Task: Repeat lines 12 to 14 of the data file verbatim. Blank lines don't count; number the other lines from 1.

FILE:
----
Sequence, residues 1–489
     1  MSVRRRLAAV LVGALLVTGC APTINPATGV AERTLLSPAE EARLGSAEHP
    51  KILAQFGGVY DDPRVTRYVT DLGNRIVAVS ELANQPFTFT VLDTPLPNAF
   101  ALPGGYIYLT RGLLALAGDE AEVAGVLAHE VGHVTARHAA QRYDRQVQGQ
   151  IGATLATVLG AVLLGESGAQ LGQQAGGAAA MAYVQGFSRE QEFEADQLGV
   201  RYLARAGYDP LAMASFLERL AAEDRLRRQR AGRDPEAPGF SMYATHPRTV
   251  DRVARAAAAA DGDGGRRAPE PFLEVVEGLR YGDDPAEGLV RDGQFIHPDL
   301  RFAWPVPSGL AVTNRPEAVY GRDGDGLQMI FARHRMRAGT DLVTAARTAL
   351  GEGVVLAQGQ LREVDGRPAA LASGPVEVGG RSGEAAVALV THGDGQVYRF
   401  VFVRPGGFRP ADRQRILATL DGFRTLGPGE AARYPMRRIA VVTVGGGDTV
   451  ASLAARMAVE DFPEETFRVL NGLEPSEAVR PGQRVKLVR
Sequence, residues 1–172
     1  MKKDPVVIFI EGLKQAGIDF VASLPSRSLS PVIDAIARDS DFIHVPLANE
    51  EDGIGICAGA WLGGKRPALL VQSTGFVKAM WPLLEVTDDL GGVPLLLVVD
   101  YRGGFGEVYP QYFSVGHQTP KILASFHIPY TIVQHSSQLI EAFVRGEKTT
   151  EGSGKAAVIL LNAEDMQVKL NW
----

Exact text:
Sequence, residues 1–172
     1  MKKDPVVIFI EGLKQAGIDF VASLPSRSLS PVIDAIARDS DFIHVPLANE
    51  EDGIGICAGA WLGGKRPALL VQSTGFVKAM WPLLEVTDDL GGVPLLLVVD